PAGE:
|Anxiety Symposium 2012 Mindfulness Mary Jo Barrett Trauma Men in Therapy Wendy Behary Ethics William Doherty Future of Psychotherapy Alan Sroufe Attachment Community of Excellence Mind/Body Narcissistic Clients Diets David Schnarch Clinical Excellence Brain Science Gender Issues Challenging Cases Great Attachment Debate Couples Therapy Couples CE Comments Attachment Theory Etienne Wenger Clinical Mastery Linda Bacon The Future of Psychotherapy|
CE Credits: 6
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A therapeutic consensus is emerging that moment-to-moment experiential work is the treatment of choice for a range of issues involving trauma and attachment disorders. But the practical question remains of how best to navigate the emotional challenges of this kind of highly charged clinical work. This course will examine what recent advances in neuroscience, attachment theory, and trauma studies can tell us about what brings about transformation in experiential therapy. On the nuts-and-bolts clinical level, you'll learn how close attention to dyadic affect regulation, emotional resonance, mirroring, gaze-to-gaze communication, and affirming recognition is central to experiential work. You'll come away from this course with a deeper appreciation of what it means to be "present" in therapy, what healing looks and feels like, and how to turn feeling lost in the immediacy of your interactions with certain clients into opportunities for transformation.
Diana Fosha, Ph.D., is the developer of Accelerated Experiential Dynamic Psychotherapy and the director of the AEDP Institute. She's the author of The Transforming Power of Affect: A Model for Accelerated Change. She teaches and is in private practice in New York City.
Session 1: The Map • Evidence from attachment theory, trauma studies, emotion theory, affective neuroscience and developmental studies of the infant-caregiver dyadic interaction • Implications for clinical work • Role of positive emotions in the process of change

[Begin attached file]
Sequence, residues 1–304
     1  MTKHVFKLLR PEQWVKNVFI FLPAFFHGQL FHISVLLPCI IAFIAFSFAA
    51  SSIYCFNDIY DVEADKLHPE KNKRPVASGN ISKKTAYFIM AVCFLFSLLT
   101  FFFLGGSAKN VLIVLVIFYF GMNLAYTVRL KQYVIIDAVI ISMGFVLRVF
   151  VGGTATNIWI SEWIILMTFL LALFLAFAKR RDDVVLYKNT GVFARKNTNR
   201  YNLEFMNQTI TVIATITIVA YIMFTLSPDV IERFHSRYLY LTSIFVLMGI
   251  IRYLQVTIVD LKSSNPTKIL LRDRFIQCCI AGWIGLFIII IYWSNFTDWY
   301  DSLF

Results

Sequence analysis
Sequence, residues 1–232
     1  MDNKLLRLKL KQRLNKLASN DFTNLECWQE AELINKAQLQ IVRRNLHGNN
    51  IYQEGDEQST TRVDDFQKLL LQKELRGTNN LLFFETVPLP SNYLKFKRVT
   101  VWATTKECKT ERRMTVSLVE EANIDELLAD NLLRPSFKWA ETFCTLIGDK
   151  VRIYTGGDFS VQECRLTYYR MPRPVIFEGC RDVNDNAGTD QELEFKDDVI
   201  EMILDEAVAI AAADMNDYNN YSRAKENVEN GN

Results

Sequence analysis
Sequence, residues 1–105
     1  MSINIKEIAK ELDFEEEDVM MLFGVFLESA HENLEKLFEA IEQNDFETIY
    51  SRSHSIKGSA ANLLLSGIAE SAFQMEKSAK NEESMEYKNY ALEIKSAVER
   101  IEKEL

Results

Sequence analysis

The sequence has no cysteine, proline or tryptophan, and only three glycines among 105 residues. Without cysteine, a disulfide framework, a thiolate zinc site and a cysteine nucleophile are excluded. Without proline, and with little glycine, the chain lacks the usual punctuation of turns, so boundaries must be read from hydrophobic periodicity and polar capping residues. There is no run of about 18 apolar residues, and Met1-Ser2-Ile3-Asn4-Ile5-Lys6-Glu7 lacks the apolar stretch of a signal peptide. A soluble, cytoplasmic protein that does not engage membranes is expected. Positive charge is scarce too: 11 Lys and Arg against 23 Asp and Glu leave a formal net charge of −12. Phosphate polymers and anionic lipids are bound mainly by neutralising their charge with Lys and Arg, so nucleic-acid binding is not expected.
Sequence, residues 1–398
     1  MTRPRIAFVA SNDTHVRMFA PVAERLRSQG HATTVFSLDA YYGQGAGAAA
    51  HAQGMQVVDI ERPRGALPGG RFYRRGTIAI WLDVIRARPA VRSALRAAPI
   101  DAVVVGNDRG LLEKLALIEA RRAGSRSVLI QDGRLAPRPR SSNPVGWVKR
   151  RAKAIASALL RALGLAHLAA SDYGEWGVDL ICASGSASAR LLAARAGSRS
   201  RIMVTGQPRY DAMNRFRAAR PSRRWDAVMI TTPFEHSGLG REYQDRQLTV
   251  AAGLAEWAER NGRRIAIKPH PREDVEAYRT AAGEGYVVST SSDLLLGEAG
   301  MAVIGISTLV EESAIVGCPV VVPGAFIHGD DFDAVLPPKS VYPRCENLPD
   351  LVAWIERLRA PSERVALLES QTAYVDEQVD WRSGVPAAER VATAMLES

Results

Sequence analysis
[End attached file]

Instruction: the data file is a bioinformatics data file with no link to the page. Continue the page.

Session 2: Tools and Skills: Schemas and Specific Interventions • Schemas: The triangle of experience, the 3 States and the 2 State Transformations of AEDP • Specific interventions • Relational, restructuring, experiential/affective and reflective/integrative
Session 3: The Journey - Phase 1 • Creating the right environment for moment-to-moment work • Establishing a safe attachment relationship • Dyadic resonance • Attunement disruption and repair
Session 4: The Journey - Phase 2 • The moment and its aftermath • Moment to-moment tracking of bodily based emotional experience • Processing experiences to completion
Session 5: The Journey - Phase 3 • Moments of transformation: Integration, reflection, consolidation, subjective truth • "Metaprocessing" of therapeutic experiences • How to translate these into enduring positive change in the patient's outside of the session life.
Session 6: Navigating Difficult Moments with Patients • When the clinician feels lost and stuck • How to be in the moment • What things stand in our way and what to do about it • Therapists' reticence to be attachment figures to their patients
1. Apply latest advances in attachment theory and neuroscience to create interventions for clients.
2. Identify the phase of emotional processing the client is at using somatic markers
3. Describe 3 techniques to change your own emotional bodily reactions during sessions
4. Create interventions to deepen and expand breakthrough moments